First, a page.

Storm aftermath 14/1/2016 and microbursts / downbursts

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The storms of Thursday 14 January has caused localised damaged across areas of Sydney. An area that was particularly hit hard by a storm cell was Schofields (North West Sydney). Here a microburst is likely to be the cause as to what occurred.

A microburst is defined as an intense and localised downburst.

A downburst is a pulse of dense air in the downdraft of a mature thunderstorm and when it hits the ground it can go nowhere but outwards. According to National Geographic Society (Restless Earth pp106), a microburst is a downburst less than 2.5 miles wide (4 km) and are capable of toppling trees. After hitting the ground, the leading edge of the outflow rolls over and the foot of the storms rain shaft visibly curls in toes upward.

Such phenomena only began to be documented during the mid 1980s and there is a case of a Delta 191 aircraft crashing at Dallas Fort Worth Airport during such an event. This disaster took the lives of 137 passengers. T T Fujita did much research of such phenomena during the 1970s and 1980s.

The Encyclopedia of Weather PP155 defines a microburst as an invisible intense downdraft of air from a cloud base in stormy conditions and when it hits the ground, the air blows out in all directions creating dangerous wind shear conditions (Weldon Owen Pty Ltd 2010).

During Thursday afternoon, it appears that a microburst affected an area of Scholfields with visible damage including toppled trees, damage to buildings and even a silo being torn off a building and moved approximately 40 metres across a road carriageway.

In the affected area, damage to powerlines and fences were evident. Interestingly, in an area affected along Railway Terrace Schofields, numerous trees were brought down and they were facing south east or southwards which would suggest north westerly winds impacting that area.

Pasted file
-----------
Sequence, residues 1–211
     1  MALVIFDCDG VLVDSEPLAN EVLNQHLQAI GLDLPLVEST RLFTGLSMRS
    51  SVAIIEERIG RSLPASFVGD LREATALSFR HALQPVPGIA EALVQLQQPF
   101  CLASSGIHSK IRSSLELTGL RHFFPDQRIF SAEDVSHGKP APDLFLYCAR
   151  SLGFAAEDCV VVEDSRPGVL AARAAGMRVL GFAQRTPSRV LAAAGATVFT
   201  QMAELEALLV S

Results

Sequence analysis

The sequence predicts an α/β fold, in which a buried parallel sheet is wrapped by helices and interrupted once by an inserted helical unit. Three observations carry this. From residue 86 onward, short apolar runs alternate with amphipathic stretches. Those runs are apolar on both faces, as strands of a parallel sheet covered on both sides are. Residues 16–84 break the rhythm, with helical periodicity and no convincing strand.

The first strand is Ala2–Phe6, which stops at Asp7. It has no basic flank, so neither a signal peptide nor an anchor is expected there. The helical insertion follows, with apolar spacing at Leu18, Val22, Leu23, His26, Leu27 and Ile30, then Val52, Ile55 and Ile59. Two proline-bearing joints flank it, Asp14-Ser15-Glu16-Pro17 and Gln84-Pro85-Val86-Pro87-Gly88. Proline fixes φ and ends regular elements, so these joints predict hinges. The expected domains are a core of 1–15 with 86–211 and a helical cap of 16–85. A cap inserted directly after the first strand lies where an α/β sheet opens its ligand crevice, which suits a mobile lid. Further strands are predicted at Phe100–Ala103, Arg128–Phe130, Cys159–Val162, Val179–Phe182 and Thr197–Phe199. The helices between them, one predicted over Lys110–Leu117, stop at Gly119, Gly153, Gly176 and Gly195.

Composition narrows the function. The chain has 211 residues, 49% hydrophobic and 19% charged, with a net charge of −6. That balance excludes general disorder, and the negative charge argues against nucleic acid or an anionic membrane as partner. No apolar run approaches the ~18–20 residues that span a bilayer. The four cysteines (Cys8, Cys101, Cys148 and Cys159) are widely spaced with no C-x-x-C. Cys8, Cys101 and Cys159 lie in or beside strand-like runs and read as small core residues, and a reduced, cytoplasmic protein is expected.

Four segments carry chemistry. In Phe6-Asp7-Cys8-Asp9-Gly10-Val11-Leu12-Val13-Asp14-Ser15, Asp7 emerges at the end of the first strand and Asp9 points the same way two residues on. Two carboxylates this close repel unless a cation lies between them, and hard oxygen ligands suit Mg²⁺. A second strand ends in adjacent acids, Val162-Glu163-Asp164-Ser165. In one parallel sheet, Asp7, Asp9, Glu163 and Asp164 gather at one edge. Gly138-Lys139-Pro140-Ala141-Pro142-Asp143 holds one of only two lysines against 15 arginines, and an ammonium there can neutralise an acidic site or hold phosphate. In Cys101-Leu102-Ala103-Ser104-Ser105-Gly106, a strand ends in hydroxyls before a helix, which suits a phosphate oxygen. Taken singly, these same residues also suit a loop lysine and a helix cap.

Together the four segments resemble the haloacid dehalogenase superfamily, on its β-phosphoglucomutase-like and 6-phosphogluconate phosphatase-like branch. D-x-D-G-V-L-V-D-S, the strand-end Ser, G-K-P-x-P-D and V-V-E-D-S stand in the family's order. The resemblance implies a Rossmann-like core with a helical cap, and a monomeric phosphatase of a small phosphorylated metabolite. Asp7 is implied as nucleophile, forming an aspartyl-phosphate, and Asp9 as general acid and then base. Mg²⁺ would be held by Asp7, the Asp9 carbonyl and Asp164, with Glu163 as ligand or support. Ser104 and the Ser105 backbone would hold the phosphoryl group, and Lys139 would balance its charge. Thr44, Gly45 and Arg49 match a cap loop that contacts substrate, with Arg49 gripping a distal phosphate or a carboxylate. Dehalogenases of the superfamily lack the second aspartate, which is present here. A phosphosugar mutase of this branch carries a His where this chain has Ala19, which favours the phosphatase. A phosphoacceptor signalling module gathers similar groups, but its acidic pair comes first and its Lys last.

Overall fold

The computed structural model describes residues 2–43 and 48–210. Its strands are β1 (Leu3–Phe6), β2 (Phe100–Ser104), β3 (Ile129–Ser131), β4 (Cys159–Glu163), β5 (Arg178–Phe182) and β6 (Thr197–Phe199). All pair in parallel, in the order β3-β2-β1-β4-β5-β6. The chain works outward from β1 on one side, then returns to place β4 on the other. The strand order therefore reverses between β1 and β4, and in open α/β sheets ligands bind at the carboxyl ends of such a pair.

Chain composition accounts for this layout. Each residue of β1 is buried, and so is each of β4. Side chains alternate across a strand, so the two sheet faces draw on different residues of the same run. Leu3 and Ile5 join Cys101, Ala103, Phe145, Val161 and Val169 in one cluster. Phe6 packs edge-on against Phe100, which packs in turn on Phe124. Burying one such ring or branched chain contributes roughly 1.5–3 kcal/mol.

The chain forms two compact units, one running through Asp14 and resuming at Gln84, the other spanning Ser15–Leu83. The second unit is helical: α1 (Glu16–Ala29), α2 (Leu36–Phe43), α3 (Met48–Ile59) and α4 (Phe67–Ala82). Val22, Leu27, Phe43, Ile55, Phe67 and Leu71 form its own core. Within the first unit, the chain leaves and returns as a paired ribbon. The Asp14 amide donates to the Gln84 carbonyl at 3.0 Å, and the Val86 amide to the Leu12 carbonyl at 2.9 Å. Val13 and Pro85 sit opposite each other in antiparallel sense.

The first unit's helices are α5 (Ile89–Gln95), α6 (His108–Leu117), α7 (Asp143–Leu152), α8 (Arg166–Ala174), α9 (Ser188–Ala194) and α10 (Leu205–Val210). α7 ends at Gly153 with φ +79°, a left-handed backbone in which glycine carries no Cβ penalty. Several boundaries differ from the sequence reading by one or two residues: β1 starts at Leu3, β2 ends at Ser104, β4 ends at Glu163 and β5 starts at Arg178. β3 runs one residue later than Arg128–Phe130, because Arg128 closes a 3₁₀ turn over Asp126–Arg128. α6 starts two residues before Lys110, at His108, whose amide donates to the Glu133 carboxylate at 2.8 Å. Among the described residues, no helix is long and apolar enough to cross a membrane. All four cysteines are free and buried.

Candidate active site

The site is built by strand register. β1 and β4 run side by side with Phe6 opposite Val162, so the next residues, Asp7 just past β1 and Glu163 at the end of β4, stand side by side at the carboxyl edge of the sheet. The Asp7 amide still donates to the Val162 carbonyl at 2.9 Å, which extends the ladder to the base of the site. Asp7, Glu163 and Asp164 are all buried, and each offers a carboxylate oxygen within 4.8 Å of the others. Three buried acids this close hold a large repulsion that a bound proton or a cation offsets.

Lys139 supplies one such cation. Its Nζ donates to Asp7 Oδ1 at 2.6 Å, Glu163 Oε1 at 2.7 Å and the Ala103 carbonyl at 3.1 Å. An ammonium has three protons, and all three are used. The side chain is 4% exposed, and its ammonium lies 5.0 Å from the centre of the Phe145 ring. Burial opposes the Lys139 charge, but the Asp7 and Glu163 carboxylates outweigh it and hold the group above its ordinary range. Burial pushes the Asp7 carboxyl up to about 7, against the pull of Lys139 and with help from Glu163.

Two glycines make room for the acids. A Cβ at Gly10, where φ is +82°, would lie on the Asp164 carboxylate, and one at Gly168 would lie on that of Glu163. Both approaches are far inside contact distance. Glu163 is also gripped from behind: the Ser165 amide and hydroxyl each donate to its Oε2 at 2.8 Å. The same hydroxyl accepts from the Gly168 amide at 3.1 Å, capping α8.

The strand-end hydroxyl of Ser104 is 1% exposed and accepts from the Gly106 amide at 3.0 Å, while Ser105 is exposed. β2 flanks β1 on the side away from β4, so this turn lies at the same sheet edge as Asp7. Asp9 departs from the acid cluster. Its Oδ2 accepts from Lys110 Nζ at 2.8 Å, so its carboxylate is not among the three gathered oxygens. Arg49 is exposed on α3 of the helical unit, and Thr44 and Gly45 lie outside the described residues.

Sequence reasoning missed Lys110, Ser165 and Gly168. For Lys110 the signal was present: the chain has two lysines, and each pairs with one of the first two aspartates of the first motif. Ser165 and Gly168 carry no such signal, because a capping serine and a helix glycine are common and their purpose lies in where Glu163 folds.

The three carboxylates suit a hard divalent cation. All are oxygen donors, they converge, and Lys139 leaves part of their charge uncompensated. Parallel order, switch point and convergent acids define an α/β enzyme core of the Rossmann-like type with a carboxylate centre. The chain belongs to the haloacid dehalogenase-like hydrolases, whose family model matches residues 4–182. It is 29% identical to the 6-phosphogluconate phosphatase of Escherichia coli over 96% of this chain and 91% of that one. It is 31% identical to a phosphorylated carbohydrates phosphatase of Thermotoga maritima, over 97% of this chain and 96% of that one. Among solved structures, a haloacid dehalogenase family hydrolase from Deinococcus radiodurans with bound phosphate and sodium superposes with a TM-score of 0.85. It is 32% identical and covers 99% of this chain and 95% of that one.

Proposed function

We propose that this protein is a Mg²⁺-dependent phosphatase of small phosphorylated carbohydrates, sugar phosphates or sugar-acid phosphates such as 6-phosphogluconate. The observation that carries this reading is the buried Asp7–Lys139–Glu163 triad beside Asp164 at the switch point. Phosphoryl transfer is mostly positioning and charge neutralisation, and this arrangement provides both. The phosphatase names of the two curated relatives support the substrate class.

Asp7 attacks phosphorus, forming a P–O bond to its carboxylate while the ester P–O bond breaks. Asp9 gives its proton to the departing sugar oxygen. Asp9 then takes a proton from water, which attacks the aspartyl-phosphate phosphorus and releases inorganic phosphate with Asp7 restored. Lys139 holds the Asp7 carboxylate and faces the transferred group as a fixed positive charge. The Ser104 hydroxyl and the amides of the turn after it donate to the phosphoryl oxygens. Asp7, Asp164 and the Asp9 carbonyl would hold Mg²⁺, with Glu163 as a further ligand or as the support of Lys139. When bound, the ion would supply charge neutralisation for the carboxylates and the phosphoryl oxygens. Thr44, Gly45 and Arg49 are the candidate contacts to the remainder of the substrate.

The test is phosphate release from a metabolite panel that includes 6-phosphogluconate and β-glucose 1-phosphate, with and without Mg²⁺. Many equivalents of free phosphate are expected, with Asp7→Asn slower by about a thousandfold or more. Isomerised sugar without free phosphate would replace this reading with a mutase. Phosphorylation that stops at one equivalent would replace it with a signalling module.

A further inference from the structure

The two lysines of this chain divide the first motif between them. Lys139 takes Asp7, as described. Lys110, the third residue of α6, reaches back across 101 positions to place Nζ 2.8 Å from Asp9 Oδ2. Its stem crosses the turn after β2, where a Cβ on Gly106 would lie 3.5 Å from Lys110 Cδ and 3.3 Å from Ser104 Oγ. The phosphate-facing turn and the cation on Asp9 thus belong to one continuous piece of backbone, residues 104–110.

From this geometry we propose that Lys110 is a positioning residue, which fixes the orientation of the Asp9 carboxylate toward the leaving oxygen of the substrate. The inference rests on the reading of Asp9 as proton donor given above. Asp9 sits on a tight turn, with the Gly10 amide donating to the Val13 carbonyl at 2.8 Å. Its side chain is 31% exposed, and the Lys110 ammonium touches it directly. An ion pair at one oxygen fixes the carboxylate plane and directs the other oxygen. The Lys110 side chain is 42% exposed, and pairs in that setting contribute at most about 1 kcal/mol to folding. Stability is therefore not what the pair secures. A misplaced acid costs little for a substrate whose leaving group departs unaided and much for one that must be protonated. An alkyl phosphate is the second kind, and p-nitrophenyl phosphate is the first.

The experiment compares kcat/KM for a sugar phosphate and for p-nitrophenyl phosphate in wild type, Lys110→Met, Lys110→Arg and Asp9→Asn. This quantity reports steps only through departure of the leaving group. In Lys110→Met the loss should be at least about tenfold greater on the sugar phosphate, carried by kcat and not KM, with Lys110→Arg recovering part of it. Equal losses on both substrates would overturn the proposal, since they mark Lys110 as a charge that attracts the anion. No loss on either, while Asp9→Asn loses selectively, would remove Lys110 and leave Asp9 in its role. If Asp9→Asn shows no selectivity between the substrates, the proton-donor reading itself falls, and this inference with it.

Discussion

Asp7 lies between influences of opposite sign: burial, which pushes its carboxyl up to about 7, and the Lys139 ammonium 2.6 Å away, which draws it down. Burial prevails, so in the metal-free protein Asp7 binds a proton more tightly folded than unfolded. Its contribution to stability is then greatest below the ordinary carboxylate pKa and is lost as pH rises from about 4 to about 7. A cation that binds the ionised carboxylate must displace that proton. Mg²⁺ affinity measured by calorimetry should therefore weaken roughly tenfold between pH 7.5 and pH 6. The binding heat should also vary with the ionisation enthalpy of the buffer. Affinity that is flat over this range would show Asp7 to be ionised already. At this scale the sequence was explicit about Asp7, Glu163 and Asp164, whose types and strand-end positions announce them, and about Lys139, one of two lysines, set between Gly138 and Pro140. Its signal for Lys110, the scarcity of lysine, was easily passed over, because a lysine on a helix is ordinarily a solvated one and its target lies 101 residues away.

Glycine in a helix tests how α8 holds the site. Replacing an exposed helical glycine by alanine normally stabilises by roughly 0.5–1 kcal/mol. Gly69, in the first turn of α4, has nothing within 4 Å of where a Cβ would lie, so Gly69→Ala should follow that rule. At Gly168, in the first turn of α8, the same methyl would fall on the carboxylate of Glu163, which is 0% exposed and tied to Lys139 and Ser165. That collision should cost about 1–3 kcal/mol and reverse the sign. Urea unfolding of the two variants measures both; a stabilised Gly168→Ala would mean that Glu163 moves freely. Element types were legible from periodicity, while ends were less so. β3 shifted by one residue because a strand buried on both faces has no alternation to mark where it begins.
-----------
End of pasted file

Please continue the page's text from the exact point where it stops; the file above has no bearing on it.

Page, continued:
The issue that is apparent is that the affected area is not covered by a weather station encompassing an anemometer. As described in a previous post specific to this event, a number of peak wind gusts were observed across Sydney during the afternoon of the 14 January including:-

Sydney Airport AMO 120 km/h.
Bankstown Airport 107 km/h.

HIGH AUTOMATIC WEATHER STATION WIND REPORTS

Sydney Airport AMO - 113 km/h at 3.22 pm.
Port Botany (Molineux Point AWS) - 122 km/h at 3.21 pm.
Bankstown Airport AWS - 108 km/h at 3.11 pm.
Kurnell AWS - 91 km/h at 3.26 pm.

Unfortunately the exact wind speeds that caused the damage is not known and hence only estimates could be made. It is likely that peak winds reached 100 km/h or more within this area given the level of damage that is visible.

There is a rain gauge at nearby Box Hill which is outside the worst affected area but no functioning wind vane (Anemometer).

A number of photos were taken during a damage survey as shown and it is clear that there is much to clean up in coming weeks by SES personnel.

Weather related natural disasters this summer around Australia appears to have cost insurers upwards of $515 million to date from the various fires, storms, floods and this figure does not include this event. By the time this event is tallied, it is likely that the figure will rise further.

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